School Funding

At both a higher education and elementary and high school level, the state has failed us in recent years. I want to provide more resources to schools from the state level which would hopefully reduce property taxes and decrease the cost of tuition at Illinois institutions. 


Our property taxes in the south suburbs are out of control, with roughly 2/3 of the taxes going to the schools. If our district was getting its fair share from the state, our property taxes could be lower. I believe that money is going to districts with a much larger tax base (and lower property tax rates) and I want to put an end to it.  We are paying a much higher rate than we should in property taxes to fund our schools.     


I also want to propose a tax credit where if you think the public school in another district can provide a better education than your resident district, you will receive a tax credit for paying the out of district cost to attend another school.  


I believe that the state needs to provide more money towards higher education and the Guaranteed Tuition Rate law needs to be eliminated because it inflates costs each year.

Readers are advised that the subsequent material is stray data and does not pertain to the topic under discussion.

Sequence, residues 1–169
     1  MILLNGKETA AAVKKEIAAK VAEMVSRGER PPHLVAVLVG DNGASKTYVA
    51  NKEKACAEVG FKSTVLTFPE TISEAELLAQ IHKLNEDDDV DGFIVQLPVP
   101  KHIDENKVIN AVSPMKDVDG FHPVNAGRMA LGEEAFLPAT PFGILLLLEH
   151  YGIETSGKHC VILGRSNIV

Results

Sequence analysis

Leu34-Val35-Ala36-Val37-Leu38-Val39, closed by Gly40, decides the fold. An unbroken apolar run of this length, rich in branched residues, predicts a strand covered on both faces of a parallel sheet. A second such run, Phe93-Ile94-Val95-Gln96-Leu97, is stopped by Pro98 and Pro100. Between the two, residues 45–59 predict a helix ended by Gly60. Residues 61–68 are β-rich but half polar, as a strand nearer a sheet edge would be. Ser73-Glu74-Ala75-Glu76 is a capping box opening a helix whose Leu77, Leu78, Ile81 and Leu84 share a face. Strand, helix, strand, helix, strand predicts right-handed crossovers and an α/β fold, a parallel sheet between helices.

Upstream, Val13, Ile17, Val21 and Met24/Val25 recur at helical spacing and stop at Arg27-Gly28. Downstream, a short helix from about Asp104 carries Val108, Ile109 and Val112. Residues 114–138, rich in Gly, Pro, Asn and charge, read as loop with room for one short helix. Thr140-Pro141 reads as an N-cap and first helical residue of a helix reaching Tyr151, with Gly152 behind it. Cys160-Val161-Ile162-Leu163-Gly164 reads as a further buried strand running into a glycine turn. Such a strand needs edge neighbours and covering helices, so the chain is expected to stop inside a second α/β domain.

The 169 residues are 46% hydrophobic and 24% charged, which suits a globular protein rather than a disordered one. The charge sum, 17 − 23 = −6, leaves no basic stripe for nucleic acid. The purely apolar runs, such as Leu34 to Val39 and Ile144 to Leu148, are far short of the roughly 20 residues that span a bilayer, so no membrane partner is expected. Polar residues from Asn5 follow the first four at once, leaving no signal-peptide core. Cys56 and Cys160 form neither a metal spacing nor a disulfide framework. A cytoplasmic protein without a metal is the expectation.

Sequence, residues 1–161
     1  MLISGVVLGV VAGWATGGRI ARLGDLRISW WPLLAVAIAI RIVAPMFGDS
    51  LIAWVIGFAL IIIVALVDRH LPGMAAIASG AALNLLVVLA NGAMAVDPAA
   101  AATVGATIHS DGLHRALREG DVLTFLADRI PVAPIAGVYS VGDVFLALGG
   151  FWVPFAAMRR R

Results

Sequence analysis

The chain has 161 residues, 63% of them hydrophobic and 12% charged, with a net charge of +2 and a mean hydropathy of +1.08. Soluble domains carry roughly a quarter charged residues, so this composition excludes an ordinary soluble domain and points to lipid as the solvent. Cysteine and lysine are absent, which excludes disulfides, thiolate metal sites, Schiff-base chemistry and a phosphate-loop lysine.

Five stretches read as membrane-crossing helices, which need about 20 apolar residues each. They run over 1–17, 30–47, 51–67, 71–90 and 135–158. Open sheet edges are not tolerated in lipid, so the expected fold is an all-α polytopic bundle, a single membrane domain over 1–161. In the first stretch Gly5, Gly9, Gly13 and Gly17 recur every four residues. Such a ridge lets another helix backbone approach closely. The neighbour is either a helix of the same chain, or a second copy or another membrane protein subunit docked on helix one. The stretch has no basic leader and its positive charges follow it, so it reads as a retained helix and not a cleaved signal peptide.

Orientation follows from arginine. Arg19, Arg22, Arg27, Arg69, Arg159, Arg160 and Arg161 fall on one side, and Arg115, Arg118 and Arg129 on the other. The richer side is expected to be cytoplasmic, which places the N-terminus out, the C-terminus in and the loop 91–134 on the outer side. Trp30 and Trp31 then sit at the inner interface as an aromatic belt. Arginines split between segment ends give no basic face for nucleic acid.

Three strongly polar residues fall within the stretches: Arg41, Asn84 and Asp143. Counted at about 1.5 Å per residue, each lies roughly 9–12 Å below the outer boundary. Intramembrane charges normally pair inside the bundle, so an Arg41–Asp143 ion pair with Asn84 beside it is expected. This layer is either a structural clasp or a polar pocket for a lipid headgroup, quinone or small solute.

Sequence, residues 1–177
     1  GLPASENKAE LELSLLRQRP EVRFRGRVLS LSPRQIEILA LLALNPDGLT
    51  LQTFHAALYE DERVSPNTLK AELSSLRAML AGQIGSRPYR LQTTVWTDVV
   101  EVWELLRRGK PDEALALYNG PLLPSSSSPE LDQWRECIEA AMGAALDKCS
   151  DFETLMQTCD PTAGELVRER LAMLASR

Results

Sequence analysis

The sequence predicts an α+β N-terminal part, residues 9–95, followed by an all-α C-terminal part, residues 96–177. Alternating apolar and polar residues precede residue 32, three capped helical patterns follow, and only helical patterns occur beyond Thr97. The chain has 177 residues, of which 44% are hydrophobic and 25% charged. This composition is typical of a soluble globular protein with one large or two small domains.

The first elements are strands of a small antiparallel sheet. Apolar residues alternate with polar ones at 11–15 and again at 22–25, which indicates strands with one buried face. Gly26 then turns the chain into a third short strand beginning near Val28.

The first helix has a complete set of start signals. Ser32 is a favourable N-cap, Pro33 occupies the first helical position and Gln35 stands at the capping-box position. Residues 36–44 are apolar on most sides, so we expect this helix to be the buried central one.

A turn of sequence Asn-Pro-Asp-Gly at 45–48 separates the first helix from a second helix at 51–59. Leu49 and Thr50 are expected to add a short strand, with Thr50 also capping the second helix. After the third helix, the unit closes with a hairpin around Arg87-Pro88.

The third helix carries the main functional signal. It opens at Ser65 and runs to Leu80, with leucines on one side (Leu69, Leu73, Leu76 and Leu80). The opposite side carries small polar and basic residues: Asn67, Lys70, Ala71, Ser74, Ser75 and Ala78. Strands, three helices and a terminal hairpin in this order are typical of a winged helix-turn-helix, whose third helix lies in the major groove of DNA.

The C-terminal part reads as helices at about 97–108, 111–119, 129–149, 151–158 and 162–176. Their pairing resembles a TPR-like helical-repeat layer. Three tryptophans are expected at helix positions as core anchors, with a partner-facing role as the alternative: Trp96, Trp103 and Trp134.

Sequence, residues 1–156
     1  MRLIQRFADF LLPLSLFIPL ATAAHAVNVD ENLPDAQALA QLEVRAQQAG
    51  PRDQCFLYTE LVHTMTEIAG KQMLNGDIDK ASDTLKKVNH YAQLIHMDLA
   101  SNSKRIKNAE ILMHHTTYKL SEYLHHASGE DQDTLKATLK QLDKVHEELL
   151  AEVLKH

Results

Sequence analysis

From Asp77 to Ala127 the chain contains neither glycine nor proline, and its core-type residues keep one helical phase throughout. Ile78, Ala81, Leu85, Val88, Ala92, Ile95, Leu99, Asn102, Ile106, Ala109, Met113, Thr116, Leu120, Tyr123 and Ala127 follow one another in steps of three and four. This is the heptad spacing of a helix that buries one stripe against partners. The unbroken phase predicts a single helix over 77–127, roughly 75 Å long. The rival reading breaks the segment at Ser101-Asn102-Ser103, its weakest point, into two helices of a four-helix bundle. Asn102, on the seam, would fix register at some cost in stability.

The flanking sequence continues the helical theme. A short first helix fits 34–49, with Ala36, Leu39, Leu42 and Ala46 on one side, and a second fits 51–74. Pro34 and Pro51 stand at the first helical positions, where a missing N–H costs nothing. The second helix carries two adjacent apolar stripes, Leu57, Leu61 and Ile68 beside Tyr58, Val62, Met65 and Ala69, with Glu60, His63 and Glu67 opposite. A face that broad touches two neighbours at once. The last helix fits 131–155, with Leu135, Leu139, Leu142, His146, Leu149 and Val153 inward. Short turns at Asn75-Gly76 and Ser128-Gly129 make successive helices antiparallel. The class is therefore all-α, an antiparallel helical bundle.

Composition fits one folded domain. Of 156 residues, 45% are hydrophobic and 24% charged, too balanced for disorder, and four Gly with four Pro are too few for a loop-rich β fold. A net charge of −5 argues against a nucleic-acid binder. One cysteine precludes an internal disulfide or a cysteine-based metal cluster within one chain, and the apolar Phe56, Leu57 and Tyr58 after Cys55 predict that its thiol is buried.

When I was a freshman at the University of Illinois Urbana –Champaign in 1999 (not that long ago), I clearly remember walking down the quad with my friend one day. She was showing me her tuition bill for the semester and I remember it being roughly $2,500. My bill was roughly twice that amount at around $5,000, including tuition, room and board and fees. As we were walking, I remember her reasoning that $2,500 was only for her tuition (she lived in one of the “private” dorms that she was billed separately).  


All of that is to say that in 1999, a full year’s worth of tuition plus room and board at the U of I was roughly $10,500. The cost went from $0 to $10,500 in over 130 years. The estimate from the U of I website for an “in state” freshman for the 2017 Fall semester is $17,940. That is over $35,000 at the U of I for an accounting degree for one year. The cost has more than tripled in less than 20 years.  


The reason that tuition has gone through the roof is in part due to the Guaranteed Tuition Rate law.  Instead of tuition increasing at a modest 1%-3% or so each year, tuition has been increasing 10% or more each year for each incoming class because that rate has  been “locked in” by the General Assembly.  Removing the Guaranteed Tuition rate Law should help slow the increases.  


More money needs to be allocated to higher education so that students aren’t saddled with a mortgage payment worth of student loans for an in state school.